Clinical and histological correlations in alveolar bone osteosynthesis using biological materials of cow origin

Vol. 52 No. 1 Suppl., 2011
This supplement was not sponsored by Outside Organizations.


M. Suciu, C. Kelemen, O. S. Cotoi, Felicia Toma

Periodontitis is a set of inflammatory diseases affecting the periodontium, i.e., the tissues that surround and support the teeth. Periodontitis involves progressive loss of the alveolar bone around the teeth, and if left untreated, can lead to the loosening and subsequent loss of teeth and is one of the most common diseases worldwide. Modern techniques of treatment consist of guided bone regeneration, in cases of massive bone loss. We present a case of a middle age male with no risk factors, suffering from infected chronic marginal periodontitis with III/IV degree of mobility at the lower right canine and III degree of mobility at the lower incisors. X-ray exam reveals massive bone resorption in the anterior part of the mandible, especially in the right canine area. Because the buccal and lingual cortical bone were missing in the canine area, it was impossible for the bone to heal after the extraction of 4.3., without bone augmentation. The histopathological exam revealed the aspect of an organic protein matrix, partially calcified and the presence of some isolated cells with osteocytes like morphology. The difficulties of this procedure are to position and to close the flap without tension in order to facilitate the healing and bone cells formation - osteoblasts and osteocytes. The bone augmentation using biological material proved to be successful in treating massive bone defects in order to insert dental implants.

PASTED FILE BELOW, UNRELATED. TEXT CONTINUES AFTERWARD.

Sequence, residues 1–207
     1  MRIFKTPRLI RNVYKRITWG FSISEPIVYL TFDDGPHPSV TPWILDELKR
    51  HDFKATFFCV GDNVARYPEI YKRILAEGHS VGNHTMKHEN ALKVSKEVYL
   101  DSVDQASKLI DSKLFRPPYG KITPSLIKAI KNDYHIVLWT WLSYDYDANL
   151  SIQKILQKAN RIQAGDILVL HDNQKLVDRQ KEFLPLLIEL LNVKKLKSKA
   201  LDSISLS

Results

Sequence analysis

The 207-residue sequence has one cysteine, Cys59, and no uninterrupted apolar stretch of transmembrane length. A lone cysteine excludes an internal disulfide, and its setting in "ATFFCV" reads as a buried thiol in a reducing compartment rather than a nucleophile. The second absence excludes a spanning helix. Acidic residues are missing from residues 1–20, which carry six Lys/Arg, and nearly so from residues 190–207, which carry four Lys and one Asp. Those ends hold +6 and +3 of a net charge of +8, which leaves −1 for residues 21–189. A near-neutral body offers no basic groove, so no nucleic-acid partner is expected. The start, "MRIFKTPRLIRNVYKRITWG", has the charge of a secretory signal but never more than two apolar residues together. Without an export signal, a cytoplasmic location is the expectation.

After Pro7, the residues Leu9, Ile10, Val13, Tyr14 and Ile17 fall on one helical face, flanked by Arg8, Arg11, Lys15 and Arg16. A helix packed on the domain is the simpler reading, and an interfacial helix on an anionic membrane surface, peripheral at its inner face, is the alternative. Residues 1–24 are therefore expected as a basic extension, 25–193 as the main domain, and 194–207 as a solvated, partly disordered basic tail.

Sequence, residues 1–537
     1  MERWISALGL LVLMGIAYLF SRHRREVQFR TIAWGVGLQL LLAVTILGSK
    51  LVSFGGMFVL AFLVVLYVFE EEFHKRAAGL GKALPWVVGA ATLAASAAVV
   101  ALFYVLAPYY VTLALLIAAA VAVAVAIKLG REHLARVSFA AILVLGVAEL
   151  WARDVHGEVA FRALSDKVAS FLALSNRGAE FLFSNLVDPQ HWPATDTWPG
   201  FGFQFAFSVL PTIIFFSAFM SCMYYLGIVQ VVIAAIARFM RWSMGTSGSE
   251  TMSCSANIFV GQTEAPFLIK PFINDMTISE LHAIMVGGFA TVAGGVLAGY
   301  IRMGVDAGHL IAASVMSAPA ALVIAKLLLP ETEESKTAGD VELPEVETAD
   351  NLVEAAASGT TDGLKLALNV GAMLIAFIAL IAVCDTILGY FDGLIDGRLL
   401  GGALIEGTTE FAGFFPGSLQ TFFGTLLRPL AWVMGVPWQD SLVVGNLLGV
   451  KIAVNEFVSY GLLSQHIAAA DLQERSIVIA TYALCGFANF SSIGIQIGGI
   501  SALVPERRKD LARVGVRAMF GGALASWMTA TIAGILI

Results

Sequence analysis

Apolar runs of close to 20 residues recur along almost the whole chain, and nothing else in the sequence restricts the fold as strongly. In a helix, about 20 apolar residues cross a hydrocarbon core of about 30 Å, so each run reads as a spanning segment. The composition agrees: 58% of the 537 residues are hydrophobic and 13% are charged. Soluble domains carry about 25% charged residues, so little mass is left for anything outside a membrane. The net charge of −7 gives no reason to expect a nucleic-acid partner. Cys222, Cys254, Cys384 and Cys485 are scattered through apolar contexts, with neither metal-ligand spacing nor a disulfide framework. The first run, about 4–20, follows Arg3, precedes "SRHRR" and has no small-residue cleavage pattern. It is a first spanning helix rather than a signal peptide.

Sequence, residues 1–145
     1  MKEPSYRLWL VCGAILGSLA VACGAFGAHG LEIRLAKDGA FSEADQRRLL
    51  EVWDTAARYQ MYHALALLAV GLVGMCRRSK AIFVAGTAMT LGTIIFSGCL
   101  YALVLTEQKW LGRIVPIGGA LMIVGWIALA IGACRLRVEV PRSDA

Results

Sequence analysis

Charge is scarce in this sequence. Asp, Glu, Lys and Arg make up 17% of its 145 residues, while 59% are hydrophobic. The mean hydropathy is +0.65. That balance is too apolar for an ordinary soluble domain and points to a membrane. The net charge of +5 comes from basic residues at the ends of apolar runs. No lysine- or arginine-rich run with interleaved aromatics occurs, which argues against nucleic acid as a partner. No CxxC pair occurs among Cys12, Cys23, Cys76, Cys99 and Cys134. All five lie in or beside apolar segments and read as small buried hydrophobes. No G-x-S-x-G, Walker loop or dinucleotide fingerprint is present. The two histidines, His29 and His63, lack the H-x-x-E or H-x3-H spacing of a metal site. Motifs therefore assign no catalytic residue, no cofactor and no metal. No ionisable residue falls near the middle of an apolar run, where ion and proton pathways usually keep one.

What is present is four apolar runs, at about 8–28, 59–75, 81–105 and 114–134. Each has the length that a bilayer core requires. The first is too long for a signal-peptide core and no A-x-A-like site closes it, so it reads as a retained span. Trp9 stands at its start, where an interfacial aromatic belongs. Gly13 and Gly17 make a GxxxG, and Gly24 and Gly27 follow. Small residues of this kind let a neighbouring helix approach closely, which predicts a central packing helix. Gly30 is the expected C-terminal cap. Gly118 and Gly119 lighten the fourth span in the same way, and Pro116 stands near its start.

Corresponding author: Mircea Suciu, Associate Professor, MD, PhD, e-mail:

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